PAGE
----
Friday, May 30, 2014

New NHS boss backs community hospitals

In an interview which was seen as support both for smaller District General Hospitals such as West Cumberland Hospital, and of Community hospitals such as Millom hospital,Simon Stevens, the new Chief Executive of the NHS, told the Daily Telegraph that smaller hospitals should play a bigger role especially in the care of older patients.

In this Daily Telegraph interview, Simon Stevens signalled a change in policy by calling for a shift away from big centralised hospitals.

The health service chief executive said there needed to be new models of care built around smaller local hospitals.

The NHS said he was not suggesting the return of 50s-style cottage hospitals.

In recent years the health service has emphasised the benefits of centralised services. This has paid dividends in areas such as stroke care and major trauma where significant benefits have been gained by concentrating specialist care.

But it has been seen as a question mark over the future of the many smaller district general hospitals across the NHS such as West Cumberland Hospital.

In the interview in Friday's paper, Mr Stevens said they should play an important part in providing care, especially for the growing number of older patents who could be treated closer to home.

He said: "A number of other countries have found it possible to run viable local hospitals serving smaller communities than sometimes we think are sustainable in the NHS.

"Most of western Europe has hospitals which are able to serve their local communities, without everything having to be centralised."

Mr Stephens said that elderly patients were increasingly ending up in hospital unnecessarily because they had not been given care which could have kept them at home.

Mr Stevens also told the Telegraph:

  • The NHS needs to abandon a fixation with "mass centralisation" and instead invest in community services to care for the elderly
  • Waiting targets introduced by Labour became "an impediment to care" in too many cases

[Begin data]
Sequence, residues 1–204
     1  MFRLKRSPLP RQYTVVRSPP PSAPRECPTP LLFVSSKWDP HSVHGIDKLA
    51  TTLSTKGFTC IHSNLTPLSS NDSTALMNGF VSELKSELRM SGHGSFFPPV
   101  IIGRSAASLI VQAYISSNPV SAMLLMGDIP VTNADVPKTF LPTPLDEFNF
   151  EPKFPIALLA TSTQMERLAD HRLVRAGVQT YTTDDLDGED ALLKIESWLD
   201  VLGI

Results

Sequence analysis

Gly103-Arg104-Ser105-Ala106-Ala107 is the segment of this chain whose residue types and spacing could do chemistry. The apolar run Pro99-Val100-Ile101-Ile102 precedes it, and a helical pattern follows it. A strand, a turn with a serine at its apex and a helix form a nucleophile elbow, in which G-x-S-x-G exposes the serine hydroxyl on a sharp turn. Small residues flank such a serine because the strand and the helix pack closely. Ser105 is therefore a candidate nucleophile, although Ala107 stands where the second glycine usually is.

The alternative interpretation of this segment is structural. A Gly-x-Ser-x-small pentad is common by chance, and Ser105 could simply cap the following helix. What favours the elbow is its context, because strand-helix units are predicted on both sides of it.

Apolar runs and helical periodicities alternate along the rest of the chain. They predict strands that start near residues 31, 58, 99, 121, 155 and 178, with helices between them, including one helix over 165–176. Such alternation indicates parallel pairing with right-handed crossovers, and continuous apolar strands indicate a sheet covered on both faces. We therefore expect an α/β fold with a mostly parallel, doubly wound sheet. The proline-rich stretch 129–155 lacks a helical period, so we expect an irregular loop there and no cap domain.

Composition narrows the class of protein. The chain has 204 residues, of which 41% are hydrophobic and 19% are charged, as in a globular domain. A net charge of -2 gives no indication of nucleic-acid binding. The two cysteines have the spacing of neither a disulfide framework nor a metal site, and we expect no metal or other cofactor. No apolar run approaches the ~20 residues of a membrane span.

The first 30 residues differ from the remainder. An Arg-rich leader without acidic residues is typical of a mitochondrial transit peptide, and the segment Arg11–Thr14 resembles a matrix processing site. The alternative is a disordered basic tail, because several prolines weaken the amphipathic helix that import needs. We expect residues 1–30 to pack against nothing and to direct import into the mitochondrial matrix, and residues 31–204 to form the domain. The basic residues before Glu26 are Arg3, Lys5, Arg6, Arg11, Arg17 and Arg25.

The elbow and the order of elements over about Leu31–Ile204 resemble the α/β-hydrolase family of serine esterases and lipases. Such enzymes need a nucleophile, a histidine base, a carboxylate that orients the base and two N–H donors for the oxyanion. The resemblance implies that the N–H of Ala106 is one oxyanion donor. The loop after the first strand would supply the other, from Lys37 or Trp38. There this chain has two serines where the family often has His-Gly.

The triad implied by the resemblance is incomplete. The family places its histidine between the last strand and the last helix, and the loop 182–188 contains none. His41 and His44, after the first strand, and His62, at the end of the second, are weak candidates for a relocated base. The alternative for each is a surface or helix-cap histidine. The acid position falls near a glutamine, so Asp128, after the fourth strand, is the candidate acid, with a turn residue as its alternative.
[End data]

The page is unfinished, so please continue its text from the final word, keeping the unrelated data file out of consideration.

• The European Working Time Directive damaged health care in the NHS, making it harder to keep small hospitals open
  • Businesses should financially reward employees for losing weight and adopting healthy lifestyles

Friday, May 16, 2014

Millom Hospital public meeting tonight (16th May 2014)

There is a meeting at 5pm this evening (Friday 16th May) at the Beggar’s Theatre, Market Square in Millom to discuss the future of Millom Community Hospital

There is widespread concern in Millom about the future of the hospital. In-patient services are temporarily closed because of a lack of GP cover.

The Trust has promised that it has no plans to close the hospital. It has been very healthy to see massive support from the people of Millom for their local community hospital: at the same time, it is extremely important not to discuss the issue in alarmist language. That woud be highly counterproductive because the main issue for the hospital is recruiting and regaining staff and particularly getting GP cover: we need people who come to work in the NHS in the Millom area that their jobs have a secure future.

The Nicholson Challenge and West Cumbria's NHS

The largest financial driver in the NHS is the Nicholson Challenge. This is a policy put in place in 2009 whilst Andy Burnham was Secretary of State. Labour knew it had to control NHS spending after years of real growth so it adopted the Nicholson Challenge. This appears in the 2010 Labour manifesto on page 4:3.

The idea of Nicholson is to take out £20 billion of efficiency savings and put it back in in new services to meet rising demand.

The Coalition promised to protect NHS spending, which it has, but the Nicholson Challenge was already built into NHS spending plans in May 2010. Since May 2010 the Labour party at every level including here in West Cumbria has described the effects of the Nicholson Challenge policy which they themselves introduced as “Tory cuts”.

Of course, some of the problems we have had in West Cumbria, such as the crrent difficulties at Millom hospital, are nothing to do with any kind of cuts: the main problem at Millom is recruiting and retaining doctors (see next article.)

The same, or a less generous, financial settlement would have been given to the NHS if Labour had won in 2010 - Burnham suggested that the coalition was being "Irresponsible" in not making the NHS make a share of the overall cuts which eve Labour admitted were necessary and therefore making heavier cuts elsewhere.

So if a Labour spokeman starts talking to you about cuts in the NHS, ask if this means the Nicholson Challenge - and if he or she can't point to some other specific policy, point aout that this was introduced by Labour in 2009.